Furthermore, Weaving thinks the no-checking rule is patronizing. It suggests that the other female players need protection from the big North American women.  In a publication examining checking in women’s hockey that Weaving coauthored with Austrian professional hockey player Samuel Roberts, they assert, “Women’s hockey is often disregarded, because it is not considered to be ‘real’ hockey, which is played by men, involves body checking, and further embodies traditional masculine traits such as explosive strength and aggression. Such characteristics do not fit with the stereotypical female ideal.” In addition, they write about the rule consequences for the female players,  “We argue that they cannot participate in the physicality the game demands. They are not afforded the experience of using their bodies in a manner that exudes force, power, and domination.”

Helmet Cages And The Frailty Myth

In addition to protecting women from checking, the IOC requires that female ice hockey players wear helmet cages to protect their faces. Male hockey players are not required to wear these cages.  Once again, the differing rules potentially send a message to female athletes and spectators that women need more protection than their male counterparts.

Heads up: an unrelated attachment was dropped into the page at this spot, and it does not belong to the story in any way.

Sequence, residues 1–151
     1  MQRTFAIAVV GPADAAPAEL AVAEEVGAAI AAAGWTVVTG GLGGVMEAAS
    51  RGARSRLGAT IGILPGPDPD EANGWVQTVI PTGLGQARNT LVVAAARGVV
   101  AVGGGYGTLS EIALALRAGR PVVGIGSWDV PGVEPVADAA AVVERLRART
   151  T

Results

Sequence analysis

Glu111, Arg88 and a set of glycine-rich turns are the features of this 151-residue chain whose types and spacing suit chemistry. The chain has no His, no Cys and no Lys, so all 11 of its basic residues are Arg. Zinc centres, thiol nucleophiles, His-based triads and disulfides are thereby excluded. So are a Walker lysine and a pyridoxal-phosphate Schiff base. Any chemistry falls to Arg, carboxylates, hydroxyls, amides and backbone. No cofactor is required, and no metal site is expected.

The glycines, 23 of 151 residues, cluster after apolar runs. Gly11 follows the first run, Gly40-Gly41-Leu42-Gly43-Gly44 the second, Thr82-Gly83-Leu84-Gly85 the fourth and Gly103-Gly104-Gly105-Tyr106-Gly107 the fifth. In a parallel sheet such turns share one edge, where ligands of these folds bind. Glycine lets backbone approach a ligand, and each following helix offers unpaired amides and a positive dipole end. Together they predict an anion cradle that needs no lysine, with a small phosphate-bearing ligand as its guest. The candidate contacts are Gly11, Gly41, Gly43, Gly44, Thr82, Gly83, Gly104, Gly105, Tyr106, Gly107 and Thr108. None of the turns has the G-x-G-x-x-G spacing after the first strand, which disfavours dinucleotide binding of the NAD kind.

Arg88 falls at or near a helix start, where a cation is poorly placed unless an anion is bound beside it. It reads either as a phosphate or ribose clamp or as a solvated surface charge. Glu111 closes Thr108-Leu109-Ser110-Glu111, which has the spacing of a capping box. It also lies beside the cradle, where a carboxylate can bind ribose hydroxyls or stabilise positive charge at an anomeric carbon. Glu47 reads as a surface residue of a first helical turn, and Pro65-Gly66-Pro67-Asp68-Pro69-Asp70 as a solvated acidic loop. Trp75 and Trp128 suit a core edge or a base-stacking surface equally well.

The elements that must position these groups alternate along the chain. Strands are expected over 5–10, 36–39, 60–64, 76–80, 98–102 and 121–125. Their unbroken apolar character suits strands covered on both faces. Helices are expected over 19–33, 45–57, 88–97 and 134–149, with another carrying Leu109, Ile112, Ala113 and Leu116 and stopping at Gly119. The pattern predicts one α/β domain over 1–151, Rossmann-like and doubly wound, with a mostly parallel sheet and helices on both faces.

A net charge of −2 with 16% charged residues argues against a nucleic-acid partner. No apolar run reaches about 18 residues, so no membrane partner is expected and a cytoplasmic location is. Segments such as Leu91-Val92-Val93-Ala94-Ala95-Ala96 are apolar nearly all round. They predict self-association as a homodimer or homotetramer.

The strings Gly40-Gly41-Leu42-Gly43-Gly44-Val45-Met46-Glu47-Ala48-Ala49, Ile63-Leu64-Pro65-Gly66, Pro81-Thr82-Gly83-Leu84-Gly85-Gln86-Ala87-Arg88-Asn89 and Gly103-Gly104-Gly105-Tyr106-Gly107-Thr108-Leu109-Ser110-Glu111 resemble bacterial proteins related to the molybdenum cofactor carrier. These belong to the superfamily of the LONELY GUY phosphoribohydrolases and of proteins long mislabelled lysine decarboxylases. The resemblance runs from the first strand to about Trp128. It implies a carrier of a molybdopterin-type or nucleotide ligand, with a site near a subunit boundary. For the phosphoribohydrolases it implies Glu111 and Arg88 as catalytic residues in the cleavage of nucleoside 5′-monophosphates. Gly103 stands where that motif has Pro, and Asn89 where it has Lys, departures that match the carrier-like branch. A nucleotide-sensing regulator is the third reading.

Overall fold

The notion that women are frailer and require more protection than men date back to the Victorian era, according to Weaving. From checking rules to helmet cages, this frailty myth still plays out in Olympic rules today.  “While we’ve come a long way from the days when physicians warned that running could cause a woman’s uterus to drop, the legacy of that kind of medical discourse is the view we still hold that women are more susceptible to damage, they are somehow more precious,” sociologist, Ellis Cashmore told the New York Times nearly two decades ago.

In 2005, IOC member Gian Franco Kasper declared that ski jumping “seems not to be appropriate for ladies from a medical point of view.” Kasker was making reference to the notion that women’s reproductive organs were somehow more vulnerable to jumping. Women’s ski jumping wasn’t added to the Olympic games until 2014.

Bobsled And Women’s Body Weight

In addition to keeping women safe, the women in the Olympics must adhere to feminine stereotypes in their appearance. This year, the International Bobsleigh and Skeleton Federation (IBSF), bobsled’s governing body, reduced the weight limits for the two-woman bobsled event.  “I really do think there is a major issue when you lower the weight limit in a sport that thrives off of strong, powerful women who tend to be naturally bigger,” Canadian bobsledder, Cynthia Appiah told Reuters.